Not really. Your assumption is that the circuits in the negative side of the uncompleted circuits would take on a negative charge. essentially fill with the excess free electrons from the battery's plates, waiting for some poor soul to create a connection to the relatively surplus-electron-free positive side of the circuit. It doesn't really work that way. An open circuit will have no current flow, a closed one will, the only change is in the direction of flow.
But in truth, if some poor soul completes a circuit with enough voltage to go through their body?s resistance the hard way it doesn't matter which side is the surplus electron side (negative) and which is the electron deficient side (positive). He/she is gonna get zapped.
Realize too that people generally get injured not from the zap, but from the aftereffects....like being startled and impaling one's head on the hood latch. Being electrocuted actually requires that the current be through a path that interferes with a person's heart rhythm or other critical autonomic nerve signal. Even lightening rarely kills, as it generally follows a path to ground that does not disable the person's critical systems. That?s why you?ll sometimes read of someone getting struck and their watch will be melted and their wrist burned, but they?re otherwise unharmed. The current will have passed (generally) over the surface of their body and out through their Rolex (all golfers wear Rolexes) to ground.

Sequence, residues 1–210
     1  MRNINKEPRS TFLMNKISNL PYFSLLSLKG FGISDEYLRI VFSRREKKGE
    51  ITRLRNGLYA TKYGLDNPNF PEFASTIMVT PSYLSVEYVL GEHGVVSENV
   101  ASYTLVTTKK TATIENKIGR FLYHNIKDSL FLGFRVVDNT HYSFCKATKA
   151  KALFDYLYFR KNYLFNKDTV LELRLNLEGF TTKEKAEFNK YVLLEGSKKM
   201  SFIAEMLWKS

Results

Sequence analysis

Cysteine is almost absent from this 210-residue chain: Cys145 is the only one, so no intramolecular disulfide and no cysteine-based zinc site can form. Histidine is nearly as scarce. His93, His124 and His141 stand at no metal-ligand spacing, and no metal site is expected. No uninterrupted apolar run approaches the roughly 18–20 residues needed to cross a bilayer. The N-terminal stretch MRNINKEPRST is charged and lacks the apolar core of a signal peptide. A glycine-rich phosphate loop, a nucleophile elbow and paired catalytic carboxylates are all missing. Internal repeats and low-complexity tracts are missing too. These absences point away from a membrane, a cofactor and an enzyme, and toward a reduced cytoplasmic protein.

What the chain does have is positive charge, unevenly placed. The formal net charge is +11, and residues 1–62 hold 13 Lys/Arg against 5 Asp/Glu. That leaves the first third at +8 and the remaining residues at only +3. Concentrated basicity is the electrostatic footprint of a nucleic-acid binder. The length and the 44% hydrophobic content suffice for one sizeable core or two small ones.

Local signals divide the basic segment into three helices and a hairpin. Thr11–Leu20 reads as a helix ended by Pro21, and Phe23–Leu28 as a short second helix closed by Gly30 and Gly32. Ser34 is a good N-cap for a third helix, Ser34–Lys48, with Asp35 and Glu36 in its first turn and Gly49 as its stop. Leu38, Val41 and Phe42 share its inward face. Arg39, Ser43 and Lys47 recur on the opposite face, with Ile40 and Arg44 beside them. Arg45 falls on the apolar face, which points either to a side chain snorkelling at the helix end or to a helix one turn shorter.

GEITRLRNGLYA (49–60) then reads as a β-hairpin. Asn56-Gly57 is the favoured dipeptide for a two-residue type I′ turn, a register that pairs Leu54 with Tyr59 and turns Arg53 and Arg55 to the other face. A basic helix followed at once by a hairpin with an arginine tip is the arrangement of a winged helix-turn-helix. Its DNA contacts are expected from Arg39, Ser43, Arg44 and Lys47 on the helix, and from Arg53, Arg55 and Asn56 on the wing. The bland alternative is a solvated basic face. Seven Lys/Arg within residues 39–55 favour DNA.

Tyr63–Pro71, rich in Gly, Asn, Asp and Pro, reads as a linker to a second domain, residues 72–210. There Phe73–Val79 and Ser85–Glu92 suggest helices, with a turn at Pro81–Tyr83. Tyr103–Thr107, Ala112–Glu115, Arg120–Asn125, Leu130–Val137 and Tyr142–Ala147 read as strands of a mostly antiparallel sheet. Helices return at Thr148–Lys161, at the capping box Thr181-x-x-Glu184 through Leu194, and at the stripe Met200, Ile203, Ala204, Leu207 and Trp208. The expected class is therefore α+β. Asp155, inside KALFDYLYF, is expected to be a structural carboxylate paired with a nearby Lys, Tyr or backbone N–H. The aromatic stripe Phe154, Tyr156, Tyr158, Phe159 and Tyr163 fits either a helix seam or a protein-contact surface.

1) the circuits don't store the electrons. The battery plates do.
2) all golfers wear Rolexes.